KDE 4 is barely eight months old, and already it has three options for a main menu. Until now, users have either used the default Kickoff, which makes for awkward navigation of the menu tree, or reverted to the familiar but unwieldy classic menu. Now, with the first full release of Lancelot, users have another option that overcomes the shortcomings of both other alternatives and gives KDE 4 a thoroughly modern menu.
According to comments on the project Web page by main developer Ivan Čukić, Lancelot started life as a SuperKaramba applet for organizing desktop icons. Its name is a homage to Monty Python and the Holy Grail -- as evidenced by the default grail icon -- as well as a pun on "launch-a-lot." As Čukić ported it to the new KDE desktop, the project changed in nature, first to keep pace with rumors about it, and then because of his dissatisfaction with Kickoff. Čukić is apparently not alone in his dissatisfaction, because within days of the 1.0 release being announced, Lancelot packages started to appear in many major distributions.
To understand why so much attention is being paid to the desktop menu in KDE 4, you need to refer back to the alternatives. The classic menu, which you can still use by right-clicking on the main menu, is an accordion-style menu, with submenus opening off of higher-level items and sprawling across the desktop. Although it's simple to learn and easy to navigate, the classic menu becomes increasingly unwieldy as you install more items, and can be intimidating to new users. Nor can the classic menu be resized, nor can submenus be torn off to sit on the desktop for convenience.
In their efforts to rethink the desktop, KDE 4 developers replaced the classic menu with Kickoff. Kickoff has several advantages over the classic menu, including the ability to resize the menu and to reduce clutter through the use of different views. But, for many people, Kickoff is severely limited by its inability to show more than one menu or submenu at a time -- a feature that prevents submenus from spilling over the desktop, but which can easily make you forget where you are in the menu system, and one which keeps you from jumping to another branch of the menu tree without first retracing your steps. In many ways, then, Kickoff creates as many problems as it solves for users.
Working with Lancelot
Lancelot is available as a Plasmoid widget -- that is, a desktop or panel applet. If you click the panel manager on the right side of the panel you can quickly add a copy of Lancelot to the panel, then move it to the position you want. If the default grail icon is too non-descriptive for you, you can right-click on the launcher and choose a different icon, such as the KDE logo.
When you open Lancelot, you can immediately see that it is influenced by Kickoff and other modern menus. It sports a search field on top, view categories, and system buttons. However, the view categories are more intelligently chosen, with the near-redundancy of Favorites and Recently Used in Kickoff eliminated and Documents and Contacts added. Sensibly, too, the view categories and system buttons are separated in Lancelot.
Like Kickoff, too, Lancelot confines all opened submenus to a single window. However, because Lancelot arranges menu levels in columns, starting with the top level on the left, it avoids the problems of navigation in Kickoff. Should the levels ever be too numerous to display at the default menu size, you can resize the menu, as you can if a submenu displays too many items for the menu's height. Alternatively, you can drag a submenu to the desktop to display it for yourself.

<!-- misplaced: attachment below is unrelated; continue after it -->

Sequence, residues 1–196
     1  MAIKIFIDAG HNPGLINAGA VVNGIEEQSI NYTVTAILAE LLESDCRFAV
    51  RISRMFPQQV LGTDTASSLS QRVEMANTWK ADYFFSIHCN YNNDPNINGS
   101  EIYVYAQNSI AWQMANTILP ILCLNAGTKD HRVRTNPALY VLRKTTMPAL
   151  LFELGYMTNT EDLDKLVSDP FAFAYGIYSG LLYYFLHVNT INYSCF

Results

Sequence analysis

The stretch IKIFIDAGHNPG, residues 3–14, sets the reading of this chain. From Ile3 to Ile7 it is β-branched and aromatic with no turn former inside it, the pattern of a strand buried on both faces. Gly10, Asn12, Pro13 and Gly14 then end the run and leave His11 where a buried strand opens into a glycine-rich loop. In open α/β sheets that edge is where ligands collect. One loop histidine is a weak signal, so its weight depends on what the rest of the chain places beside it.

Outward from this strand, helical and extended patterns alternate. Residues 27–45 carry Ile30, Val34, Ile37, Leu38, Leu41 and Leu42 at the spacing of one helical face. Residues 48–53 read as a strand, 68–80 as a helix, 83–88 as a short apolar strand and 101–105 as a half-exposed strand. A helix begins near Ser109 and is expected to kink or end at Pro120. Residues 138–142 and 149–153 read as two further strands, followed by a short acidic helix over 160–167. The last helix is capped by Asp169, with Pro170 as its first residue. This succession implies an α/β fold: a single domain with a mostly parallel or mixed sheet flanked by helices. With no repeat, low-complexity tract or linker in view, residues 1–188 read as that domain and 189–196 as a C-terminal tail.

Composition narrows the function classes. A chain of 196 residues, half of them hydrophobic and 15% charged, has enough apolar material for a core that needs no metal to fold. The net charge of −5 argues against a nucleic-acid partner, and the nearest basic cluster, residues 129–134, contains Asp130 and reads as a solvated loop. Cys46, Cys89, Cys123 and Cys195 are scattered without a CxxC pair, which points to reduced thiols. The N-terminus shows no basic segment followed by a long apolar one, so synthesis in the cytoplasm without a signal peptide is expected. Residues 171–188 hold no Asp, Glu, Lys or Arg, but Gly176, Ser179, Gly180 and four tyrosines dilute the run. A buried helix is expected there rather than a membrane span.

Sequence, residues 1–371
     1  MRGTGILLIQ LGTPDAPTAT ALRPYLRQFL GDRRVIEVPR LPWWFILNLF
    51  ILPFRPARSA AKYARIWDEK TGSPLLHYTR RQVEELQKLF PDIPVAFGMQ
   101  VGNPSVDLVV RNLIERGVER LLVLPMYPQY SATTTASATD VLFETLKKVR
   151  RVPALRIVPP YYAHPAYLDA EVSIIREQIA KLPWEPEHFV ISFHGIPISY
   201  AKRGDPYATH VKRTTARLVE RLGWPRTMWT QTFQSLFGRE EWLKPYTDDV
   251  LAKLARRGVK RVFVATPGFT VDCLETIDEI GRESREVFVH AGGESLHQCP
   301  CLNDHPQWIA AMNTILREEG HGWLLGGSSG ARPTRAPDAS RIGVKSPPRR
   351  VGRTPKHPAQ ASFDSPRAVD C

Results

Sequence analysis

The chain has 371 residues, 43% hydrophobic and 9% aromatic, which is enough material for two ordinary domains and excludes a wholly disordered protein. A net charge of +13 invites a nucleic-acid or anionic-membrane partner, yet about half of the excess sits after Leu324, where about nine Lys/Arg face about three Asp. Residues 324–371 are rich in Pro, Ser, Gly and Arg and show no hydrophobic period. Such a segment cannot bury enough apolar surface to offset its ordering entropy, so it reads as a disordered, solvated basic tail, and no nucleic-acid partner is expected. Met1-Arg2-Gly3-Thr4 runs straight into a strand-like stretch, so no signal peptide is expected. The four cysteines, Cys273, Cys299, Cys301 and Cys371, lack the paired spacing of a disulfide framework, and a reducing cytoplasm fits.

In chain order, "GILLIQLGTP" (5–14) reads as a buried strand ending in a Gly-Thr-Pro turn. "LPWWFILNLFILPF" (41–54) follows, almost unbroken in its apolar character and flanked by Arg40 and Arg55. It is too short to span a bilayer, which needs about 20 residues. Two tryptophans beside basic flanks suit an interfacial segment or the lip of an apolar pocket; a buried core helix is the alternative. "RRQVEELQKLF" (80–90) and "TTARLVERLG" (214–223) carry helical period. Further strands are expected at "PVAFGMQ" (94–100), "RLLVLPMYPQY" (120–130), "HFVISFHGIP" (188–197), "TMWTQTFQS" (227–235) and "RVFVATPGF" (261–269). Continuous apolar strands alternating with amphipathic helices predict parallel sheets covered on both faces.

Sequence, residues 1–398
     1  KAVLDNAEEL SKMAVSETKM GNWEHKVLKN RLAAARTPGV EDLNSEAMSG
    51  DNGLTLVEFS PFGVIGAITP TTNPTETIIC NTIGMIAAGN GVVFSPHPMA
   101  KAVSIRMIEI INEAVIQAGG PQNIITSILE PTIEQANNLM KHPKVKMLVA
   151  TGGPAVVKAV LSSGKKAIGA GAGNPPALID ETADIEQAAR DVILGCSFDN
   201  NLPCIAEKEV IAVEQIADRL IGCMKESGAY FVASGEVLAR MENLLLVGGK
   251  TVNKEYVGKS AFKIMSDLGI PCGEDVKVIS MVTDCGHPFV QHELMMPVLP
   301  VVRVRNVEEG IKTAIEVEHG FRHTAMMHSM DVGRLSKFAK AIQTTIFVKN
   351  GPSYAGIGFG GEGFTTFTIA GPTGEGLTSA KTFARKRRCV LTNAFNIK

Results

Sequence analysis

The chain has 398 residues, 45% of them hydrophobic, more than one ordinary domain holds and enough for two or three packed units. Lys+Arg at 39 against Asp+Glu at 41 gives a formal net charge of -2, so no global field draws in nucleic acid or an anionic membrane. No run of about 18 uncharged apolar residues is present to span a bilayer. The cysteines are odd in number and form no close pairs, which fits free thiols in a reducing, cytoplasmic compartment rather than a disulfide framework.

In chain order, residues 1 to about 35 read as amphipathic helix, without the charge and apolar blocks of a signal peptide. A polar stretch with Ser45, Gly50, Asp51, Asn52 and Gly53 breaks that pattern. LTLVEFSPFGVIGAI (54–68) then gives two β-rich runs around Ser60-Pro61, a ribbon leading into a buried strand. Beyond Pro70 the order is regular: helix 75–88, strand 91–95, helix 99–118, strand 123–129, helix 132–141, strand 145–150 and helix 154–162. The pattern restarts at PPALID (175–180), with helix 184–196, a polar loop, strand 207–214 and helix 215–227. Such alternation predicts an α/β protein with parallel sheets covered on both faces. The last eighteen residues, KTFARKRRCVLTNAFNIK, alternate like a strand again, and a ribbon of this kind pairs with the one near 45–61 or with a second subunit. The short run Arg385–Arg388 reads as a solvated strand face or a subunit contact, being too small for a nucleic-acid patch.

Lancelot's view changes as you tread the menu path, with higher-level menus disappearing if you move deep enough down into the menu hierarchy. However, another feature of Lancelot is the so-called breadcrumb trail that appears below the search field, which enables you to always know your position in the menu hierarchy. Overall, Lancelot is almost as easy as the classic menu for navigation, while confining the menus to a single window the way that Kickoff does.
In addition to its basic structure, Lancelot boasts two other interesting features. The first is a no-click option, which allows you to navigate the menu without clicking. Instead, you just hover the cursor over the arrows you use to change levels. If you hover over the arrow to the right of a program, you launch it. This no-click option is one small way of avoiding repetitive strain, but you can enable traditional clicks in the configuration dialog if you really miss them.
The second is that Lancelot uses Krunner for search, which gives you the power to search not only applications, but contacts and bookmarks as well. You can even use the Lancelot search field as a basic calculator.
Lancelot still has some problems. Running in a development version of Kubuntu 8.10, it was unable to add menus to the desktop, although the same feature worked without difficulty in openSUSE. It could also benefit from some simple enhancements. For instance, the ability to customize view categories would be welcome for those who want to finely customize their desktops.
These points aside, Lancelot is in many ways what Kickoff should have been. It makes Kickoff structures work without inhibiting navigation or adding unnecessary complexity. I would not be greatly surprised if, a few releases down the road, Lancelot becomes the default menu in the KDE 4 series.